February 24, 2019

Candlesticks with Context

Candlesticks are exactly the same as any other charting method in that they represent historical market activity in one form or another. A moving average for example is just an average of price over a set period rather than the price at a particular point within a set bracket of time. Whichever method is employed, it must allow the user to see certain facets to how a market traded historically and thus give them a better idea of what the activity might mean for future prices. Candlestick patterns are particularly helpful in quickly and visually identifying the various repetitive price movement patterns which often lead to the market subsequently moving in a particular direction. However, if it were always as simple as just trading the occurrence of a candlestick pattern, far more traders would be successful than there currently are. The key to adding a greater level of consistency to trading these patterns resides in knowing what the market has done and where the pattern is located. This is technical context.

All markets where you can buy or sell a product or contract are fundamentally auctions. The very basics of this idea are that current prices can be seen as fair with the market moving back and forth through accepted fair value or they can be seen as unfair and the market moves directionally ‘searching’ for fair value. What it really boils down to is that any market can be range-bound or it can trend and all markets move from one to the other and back again in various different timeframes. Using this principle, we can identify places where a market changes from one condition to the other or remains the same and therefore gain some context about how it might move given a certain reaction to this context. This reaction can be interpreted using candlestick formations. Merely spotting a formation and assuming it will always mean the same thing however, is never going to be as consistent as assessing each occurrence on its own contextual merits.

Here’s an example from Apple (AAPL) where I’ve simply highlighted a few different patterns:-

Clearly there are many more candlestick patterns within this snapshot, but for the purposes of this exercise I wanted to point out a few which clearly failed.

Let’s elaborate on the context of the same example. Here’s a zoomed out view AAPL over a longer period, just prior to the previous chart:-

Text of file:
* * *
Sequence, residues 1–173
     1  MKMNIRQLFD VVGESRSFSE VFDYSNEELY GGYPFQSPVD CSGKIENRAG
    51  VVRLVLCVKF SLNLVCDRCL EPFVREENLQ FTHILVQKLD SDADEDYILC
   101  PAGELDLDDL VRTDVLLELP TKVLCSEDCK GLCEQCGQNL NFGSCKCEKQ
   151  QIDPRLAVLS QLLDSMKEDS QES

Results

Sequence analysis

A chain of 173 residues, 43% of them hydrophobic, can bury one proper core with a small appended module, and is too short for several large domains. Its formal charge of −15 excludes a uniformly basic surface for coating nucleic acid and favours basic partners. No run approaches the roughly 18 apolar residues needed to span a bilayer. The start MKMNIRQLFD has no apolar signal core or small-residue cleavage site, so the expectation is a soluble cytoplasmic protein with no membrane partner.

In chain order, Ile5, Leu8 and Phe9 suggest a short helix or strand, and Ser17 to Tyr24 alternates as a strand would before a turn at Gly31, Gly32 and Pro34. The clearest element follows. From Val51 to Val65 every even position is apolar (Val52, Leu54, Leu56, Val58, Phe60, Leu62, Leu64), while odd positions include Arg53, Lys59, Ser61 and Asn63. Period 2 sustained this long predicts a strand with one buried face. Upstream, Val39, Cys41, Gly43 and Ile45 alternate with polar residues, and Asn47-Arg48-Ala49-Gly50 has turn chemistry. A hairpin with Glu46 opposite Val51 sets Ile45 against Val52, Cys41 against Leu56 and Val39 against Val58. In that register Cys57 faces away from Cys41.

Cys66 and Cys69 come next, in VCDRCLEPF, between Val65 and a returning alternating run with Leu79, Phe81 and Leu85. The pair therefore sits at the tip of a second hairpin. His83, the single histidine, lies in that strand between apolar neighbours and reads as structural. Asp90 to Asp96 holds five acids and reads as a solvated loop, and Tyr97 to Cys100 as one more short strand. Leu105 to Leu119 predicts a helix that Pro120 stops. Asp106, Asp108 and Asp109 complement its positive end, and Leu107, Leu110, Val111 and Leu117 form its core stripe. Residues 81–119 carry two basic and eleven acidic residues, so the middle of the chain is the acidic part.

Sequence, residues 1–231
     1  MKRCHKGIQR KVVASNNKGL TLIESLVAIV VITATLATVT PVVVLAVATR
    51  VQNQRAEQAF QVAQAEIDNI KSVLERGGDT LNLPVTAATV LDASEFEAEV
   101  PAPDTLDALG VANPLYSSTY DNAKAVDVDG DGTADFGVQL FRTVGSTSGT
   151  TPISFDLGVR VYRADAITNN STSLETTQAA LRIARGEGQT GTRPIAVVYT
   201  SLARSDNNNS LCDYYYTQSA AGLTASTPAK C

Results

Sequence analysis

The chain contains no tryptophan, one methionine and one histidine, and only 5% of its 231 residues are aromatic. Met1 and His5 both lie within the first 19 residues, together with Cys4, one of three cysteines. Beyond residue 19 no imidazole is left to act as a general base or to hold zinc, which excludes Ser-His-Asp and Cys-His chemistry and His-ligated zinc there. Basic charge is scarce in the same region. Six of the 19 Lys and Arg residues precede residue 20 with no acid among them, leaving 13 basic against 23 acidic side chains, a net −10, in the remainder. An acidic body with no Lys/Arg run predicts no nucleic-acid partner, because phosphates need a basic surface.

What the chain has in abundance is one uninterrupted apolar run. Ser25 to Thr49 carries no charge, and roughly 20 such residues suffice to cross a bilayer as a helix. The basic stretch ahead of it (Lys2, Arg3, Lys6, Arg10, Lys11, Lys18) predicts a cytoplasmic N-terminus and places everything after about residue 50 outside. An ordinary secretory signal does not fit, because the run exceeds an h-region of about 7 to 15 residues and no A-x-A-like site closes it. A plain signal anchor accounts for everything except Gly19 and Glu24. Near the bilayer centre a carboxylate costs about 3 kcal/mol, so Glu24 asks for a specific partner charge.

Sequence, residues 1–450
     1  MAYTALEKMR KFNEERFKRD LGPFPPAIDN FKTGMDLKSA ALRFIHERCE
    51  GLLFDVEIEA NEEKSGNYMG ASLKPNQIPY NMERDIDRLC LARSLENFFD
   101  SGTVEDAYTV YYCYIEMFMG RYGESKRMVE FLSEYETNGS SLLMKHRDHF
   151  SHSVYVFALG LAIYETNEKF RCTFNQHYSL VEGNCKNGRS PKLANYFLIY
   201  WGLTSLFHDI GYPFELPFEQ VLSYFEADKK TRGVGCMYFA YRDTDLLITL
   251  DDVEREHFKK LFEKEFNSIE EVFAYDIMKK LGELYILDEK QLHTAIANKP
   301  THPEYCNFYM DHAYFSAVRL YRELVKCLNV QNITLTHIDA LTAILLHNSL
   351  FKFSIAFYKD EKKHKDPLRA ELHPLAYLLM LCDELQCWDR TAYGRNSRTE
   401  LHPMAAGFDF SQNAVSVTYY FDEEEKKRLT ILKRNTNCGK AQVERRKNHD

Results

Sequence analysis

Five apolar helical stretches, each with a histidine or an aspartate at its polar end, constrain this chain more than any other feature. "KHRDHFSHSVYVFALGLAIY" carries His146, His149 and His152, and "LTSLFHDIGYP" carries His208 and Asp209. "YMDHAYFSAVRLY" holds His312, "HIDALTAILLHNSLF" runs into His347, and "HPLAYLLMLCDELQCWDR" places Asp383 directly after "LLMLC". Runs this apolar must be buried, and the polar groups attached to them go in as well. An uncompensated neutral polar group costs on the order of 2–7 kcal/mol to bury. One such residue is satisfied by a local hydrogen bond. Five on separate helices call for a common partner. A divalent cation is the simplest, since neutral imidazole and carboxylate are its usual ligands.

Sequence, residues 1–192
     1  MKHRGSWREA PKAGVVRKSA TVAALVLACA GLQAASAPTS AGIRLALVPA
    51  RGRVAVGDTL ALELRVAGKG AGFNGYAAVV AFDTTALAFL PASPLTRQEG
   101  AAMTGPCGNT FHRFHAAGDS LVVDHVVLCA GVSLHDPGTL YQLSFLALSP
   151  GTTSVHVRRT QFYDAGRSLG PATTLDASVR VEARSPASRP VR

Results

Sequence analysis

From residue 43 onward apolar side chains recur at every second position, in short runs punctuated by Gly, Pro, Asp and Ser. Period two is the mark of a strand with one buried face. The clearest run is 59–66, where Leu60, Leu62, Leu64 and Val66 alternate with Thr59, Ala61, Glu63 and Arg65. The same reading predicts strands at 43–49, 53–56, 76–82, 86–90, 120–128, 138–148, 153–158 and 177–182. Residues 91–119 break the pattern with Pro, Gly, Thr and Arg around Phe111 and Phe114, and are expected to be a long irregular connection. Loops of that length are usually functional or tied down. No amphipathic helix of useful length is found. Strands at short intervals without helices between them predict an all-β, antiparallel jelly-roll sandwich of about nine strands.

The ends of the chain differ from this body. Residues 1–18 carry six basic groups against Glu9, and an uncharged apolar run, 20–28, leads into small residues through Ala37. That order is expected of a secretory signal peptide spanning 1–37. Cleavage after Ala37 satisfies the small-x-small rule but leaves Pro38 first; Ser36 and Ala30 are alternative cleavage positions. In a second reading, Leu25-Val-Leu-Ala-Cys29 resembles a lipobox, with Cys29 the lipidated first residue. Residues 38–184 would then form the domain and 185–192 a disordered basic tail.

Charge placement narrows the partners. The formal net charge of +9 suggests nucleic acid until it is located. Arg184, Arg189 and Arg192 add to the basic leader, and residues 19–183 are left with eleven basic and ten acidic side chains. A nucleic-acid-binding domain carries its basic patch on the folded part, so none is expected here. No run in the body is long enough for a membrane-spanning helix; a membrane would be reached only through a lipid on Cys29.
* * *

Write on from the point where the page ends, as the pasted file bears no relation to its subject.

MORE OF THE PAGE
Although there is a clear uptrend in force in the longer term, the reason I’ve noted that the trendline is only “possible” is due to the fact that it’s only touched twice up to this point. So it’s there to be aware of, although not necessarily to be used as a support line.

Moving forward in time and back into the first chart we looked at:-

You can see much better now that once the short-term trend (green line) breaks, a range is established. You might have decided that actually it would be better as a pennant-like formation with a descending trendline from the top of the range. Even though you’ll probably notice that there are opportunities by doing this, I’m focusing on going with the long-term trend. Therefore what matters is where support is coming in and that the market has come into balance. Ranges can break or they can expand. Here, we see two expansions down. The first is followed by a decent move upwards and the second is followed by a test and break of the entire range in the opposite direction. Taking another look at the long-term picture:-

In the second expansion, you can clearly see that not only was the attempted downside range break a bullish hammer reversal candlestick, but also it completed or verified the potential long term trendline already in place. Using all of these ideas in combination to form broader context would have given a trader the confidence they needed to place a very good trade indeed. So when you trade with candlestick patterns, make sure you use them with technical context.

Trade well.